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11 March 1999

Demonstrations as Economy Hits the Skids

Thousands of Ecuadoran teachers, students and workers demonstrated in the first week of March to protest plans for privatization and austerity measures by the government of president Jamil Mahuad. Workers rallied in front of the Congress building in Quito on Mar. 3 to oppose increases in oil prices, while students burned Mahuad in effigy. Teachers marched through the streets of Quito to mark the 30th day of a national strike for higher wages. [El Diario-La Prensa (NY) 3/6/99 from AFP; Hoy (NJ) 3/4/99 from AP]

The Unitary Workers Front (FUT) has announced a national general strike for Mar. 10 and 11 to protest the government's economy policies. FUT president Fausto Dutan says this "will be just one of the protests that have been planned, since we've decided to undertake a struggle in stages." [ED-LP 3/7/99 from EFE]   French news service Agence France Presse (AFP) describes the situation as "the biggest socio-economic challenge for an Ecuadoran president in 70 years." [ED-LP 3/5/99 from AFP] The Ecuadoran economy "is in very dire straits," according to Michael Henry, an economist for ING Baring in New York. More than 40% of the government's current budget is earmarked for servicing Ecuador's external debt of more than $13 billion. Ecuador's total foreign reserves are at about $1.4 billion, giving it little leeway for debt repayment. On Feb. 12 the Central Bank allowed the sucre to float in the currency's third devaluation in less than a year; it immediately fell by 3.6% to 7,358 to the US dollar. [Wall Street Journal 2/16/99]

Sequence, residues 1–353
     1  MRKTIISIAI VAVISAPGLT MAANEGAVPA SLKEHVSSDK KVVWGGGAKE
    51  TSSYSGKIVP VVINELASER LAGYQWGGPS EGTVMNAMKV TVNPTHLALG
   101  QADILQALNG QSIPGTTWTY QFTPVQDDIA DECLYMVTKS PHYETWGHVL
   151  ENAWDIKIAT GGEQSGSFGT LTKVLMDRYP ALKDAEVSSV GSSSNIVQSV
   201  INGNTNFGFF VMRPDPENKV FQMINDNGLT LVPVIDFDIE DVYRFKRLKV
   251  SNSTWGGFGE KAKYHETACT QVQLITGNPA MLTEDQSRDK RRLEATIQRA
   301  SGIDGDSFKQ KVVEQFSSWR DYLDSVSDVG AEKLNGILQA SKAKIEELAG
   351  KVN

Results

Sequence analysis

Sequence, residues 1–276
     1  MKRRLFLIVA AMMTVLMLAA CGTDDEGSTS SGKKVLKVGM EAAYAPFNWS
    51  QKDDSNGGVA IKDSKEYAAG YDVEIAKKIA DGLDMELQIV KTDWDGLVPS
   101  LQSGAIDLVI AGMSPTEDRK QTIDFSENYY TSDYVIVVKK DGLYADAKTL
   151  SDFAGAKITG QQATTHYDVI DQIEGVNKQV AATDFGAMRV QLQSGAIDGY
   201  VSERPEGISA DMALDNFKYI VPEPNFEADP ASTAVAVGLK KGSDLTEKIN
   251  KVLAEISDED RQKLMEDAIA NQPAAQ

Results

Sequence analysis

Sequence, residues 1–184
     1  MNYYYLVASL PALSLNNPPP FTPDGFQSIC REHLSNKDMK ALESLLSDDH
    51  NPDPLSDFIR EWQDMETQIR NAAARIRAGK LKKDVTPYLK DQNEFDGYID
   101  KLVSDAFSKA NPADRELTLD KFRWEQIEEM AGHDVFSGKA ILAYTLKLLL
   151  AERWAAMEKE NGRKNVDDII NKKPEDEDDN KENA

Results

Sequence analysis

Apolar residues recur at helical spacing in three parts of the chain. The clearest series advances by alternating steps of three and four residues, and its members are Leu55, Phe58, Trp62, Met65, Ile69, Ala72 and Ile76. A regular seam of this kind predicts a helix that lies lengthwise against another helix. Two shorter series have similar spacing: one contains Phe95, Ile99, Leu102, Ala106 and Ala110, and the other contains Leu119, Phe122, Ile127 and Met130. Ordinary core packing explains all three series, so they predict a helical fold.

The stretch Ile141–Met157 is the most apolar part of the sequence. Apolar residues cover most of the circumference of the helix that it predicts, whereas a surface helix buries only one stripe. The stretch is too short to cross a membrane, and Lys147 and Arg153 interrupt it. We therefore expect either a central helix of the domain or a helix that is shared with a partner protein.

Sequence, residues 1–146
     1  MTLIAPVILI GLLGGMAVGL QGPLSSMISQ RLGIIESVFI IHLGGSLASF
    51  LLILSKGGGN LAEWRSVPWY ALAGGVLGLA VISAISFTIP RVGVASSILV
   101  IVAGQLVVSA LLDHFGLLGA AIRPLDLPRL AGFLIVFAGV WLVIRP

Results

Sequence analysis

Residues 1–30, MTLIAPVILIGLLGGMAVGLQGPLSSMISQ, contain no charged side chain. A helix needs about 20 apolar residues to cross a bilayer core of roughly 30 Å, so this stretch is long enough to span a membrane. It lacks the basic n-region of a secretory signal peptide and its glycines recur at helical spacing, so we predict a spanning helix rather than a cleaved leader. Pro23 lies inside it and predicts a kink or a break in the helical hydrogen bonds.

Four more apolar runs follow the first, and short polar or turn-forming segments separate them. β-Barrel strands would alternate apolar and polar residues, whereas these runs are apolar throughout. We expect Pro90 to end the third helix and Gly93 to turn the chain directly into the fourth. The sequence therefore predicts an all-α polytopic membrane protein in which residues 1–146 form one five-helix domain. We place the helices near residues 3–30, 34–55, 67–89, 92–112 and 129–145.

The sucre plunged by another 14% on Mar. 3, the day after President Mahuad went on television to describe a new package of spending cuts, including a reduction of severance payments for fired public workers. The sucre has fallen by 52% since June 1998. Also on Mar. 3, Ecuador's deposit guarantee fund took over Banco del Occidente because of liquidity problems; it is the seventh financial institution the government has taken over in the past year. A mission from the International Monetary Fund (IMF) arrived in Quito on Feb. 28 for discussions. The government is looking for an IMF loan of up to $400 million, with another $300 million from the World Bank and the Inter-American Development Bank. [WSJ 3/4/99; Financial Times (UK) 3/4/99]


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